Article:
Review: On the Person of Christ, The Christology of Emperor Justinian

On the Person of Christ: The Christology of Emperor Justinian Against the Monophysites; Concerning the Three Chapters; On the True FaithOn the Person of Christ: The Christology of Emperor Justinian Against the Monophysites; Concerning the Three Chapters; On the True Faith by Justinian I
My rating: 4 of 5 stars

This is Kenneth Wesche’s translation of three treatises by the Emperor Justinian (r. 527-565) on Christological topics: Justinian’s Letter to the Monks of Alexandria Against the Monophysites; A Letter on the Three Chapters; and The Edict on the True Faith. These are the three texts edited by E. Schwartz in Drei dogmatische Schriften. The notes throughout largely mirror Schwartz’s references, although I noticed that in one place, where Justinian cites Pope Leo I as having said something Leo did not say, Wesche did not include Schwartz’s note saying that Leo’s letter did not include the statement. Not to say that Wesche is deliberately fudging things, I guess, but he does have his own angle.

At the time of publication, Rev. Dr Wesche was an Orthodox priest in Minneapolis. He chose to make this translation because Justinian’s Christology is basic to the Byzantine understanding of Christ and endures in the Orthodox Church today. Moreover, although Wesche does not say this, Justinian is relatively straightforward in his presentation of Christological thought and his defence of his own position. One of the concerns some of the less famous bishops of Late Antiquity had in the aftermath of the Council of Chalcedon was that, while they agreed with the council, they did not think it had anything to offer their own congregations. Christology at this level, they said, was for bishops to stop heresy, not for catechesing the faithful.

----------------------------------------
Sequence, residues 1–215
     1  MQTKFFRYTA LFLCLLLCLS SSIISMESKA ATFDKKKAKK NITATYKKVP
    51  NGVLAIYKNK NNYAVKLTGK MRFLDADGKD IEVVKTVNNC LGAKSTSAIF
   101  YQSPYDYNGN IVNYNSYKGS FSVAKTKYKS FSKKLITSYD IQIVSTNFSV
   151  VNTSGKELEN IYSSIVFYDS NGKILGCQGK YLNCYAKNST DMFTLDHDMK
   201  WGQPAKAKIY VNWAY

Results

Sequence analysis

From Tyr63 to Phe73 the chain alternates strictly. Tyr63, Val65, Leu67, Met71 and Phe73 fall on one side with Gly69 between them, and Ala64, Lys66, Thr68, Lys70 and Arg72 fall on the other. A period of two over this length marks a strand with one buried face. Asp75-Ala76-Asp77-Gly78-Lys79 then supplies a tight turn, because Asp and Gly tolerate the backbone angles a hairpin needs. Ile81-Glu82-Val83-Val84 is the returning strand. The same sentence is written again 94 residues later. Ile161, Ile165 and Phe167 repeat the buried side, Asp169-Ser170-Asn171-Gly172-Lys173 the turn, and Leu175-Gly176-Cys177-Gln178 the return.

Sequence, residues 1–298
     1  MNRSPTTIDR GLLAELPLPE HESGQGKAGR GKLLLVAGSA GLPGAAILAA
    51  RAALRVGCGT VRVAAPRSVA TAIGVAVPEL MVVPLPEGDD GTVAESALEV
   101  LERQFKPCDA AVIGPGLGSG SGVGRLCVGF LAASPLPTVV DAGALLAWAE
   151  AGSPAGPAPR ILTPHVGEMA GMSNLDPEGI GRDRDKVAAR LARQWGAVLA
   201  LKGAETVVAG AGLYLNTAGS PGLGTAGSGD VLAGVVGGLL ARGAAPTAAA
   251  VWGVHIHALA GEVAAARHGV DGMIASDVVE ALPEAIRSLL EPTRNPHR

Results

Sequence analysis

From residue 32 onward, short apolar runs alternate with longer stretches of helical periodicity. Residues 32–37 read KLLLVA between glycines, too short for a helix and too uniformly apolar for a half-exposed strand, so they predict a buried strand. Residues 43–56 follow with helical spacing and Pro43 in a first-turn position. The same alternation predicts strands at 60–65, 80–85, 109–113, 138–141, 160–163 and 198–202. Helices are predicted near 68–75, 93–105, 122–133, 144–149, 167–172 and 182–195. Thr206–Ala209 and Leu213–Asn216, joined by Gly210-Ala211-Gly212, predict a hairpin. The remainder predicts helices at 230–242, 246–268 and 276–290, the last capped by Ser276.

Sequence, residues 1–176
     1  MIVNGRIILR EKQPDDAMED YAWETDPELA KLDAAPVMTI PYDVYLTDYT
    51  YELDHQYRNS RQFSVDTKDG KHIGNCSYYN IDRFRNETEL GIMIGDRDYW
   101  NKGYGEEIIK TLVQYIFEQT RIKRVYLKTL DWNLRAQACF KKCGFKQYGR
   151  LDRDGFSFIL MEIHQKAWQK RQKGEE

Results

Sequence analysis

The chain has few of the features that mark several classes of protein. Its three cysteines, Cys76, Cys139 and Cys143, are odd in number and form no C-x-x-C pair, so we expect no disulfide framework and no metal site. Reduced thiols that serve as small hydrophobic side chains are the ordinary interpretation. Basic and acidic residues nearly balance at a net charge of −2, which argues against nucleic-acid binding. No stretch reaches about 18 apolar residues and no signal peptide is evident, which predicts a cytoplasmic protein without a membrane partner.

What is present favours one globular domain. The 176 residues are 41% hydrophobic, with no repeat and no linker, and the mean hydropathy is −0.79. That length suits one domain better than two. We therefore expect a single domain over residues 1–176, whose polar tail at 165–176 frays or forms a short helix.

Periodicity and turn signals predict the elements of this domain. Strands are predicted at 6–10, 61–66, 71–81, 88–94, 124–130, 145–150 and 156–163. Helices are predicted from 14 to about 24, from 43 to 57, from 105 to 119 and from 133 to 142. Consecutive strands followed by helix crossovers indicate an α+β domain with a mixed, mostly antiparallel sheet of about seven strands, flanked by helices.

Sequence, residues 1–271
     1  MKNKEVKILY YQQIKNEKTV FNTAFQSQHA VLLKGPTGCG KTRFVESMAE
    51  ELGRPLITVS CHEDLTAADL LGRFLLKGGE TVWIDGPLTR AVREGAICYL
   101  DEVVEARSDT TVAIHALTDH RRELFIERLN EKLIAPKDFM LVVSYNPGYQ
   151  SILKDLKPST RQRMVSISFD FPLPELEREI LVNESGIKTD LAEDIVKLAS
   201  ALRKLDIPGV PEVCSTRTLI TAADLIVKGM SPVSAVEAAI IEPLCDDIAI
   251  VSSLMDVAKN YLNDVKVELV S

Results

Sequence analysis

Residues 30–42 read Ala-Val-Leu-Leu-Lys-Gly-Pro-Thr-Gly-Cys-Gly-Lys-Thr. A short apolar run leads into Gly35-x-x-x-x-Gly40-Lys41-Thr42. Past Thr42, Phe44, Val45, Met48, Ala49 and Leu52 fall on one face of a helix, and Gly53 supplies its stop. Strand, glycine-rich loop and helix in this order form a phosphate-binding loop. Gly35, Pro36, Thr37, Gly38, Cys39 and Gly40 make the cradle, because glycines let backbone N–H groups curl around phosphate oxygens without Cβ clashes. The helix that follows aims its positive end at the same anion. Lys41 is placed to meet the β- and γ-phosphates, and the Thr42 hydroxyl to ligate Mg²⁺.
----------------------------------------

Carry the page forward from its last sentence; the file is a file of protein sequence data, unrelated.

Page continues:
Justinian does an admirable job of trying to make clear what is easily obscure. The same problems plague him here as everywhere in the controversy from 451 onward — the obstinacy of his opponents, the lack of clarity on terminology, etc. Nevertheless, I can easily see even a bishop looking at the long citations from the Fathers with commentary and tiring of what lies before him. That may be no fault of Justinian, but rather of human frailty.

The two targets here are ‘Monophysites’ (aka Miaphysites aka anti-Chalcedonian Cyrillians aka conservative Cyrillians), in particular the acephaloi, and supporters of the ‘Three Chapters’. Concerning ‘Monophysites’, it can be difficult to keep them straight in our minds. Justinian’s focus is not the orthodox (or nearly orthodox) forms of belief espoused by Severus of Antioch and Philoxenus of Mabbug, but the radical, intransigent arguments of Timothy Aelurus and the acephaloi of Egypt, a group who rejected the Archbishop of Alexandria through a radical commitment to mia physis — ‘one nature’ — Christology. If his quotations are accurate, Timothy Aelurus looks truly heretical to me. The main point Justinian argues against the ‘Monophysites’ is that Cyril’s ‘one nature’ formula is perfectly compatible with ‘two natures’ when Chalcedon is interpreted properly.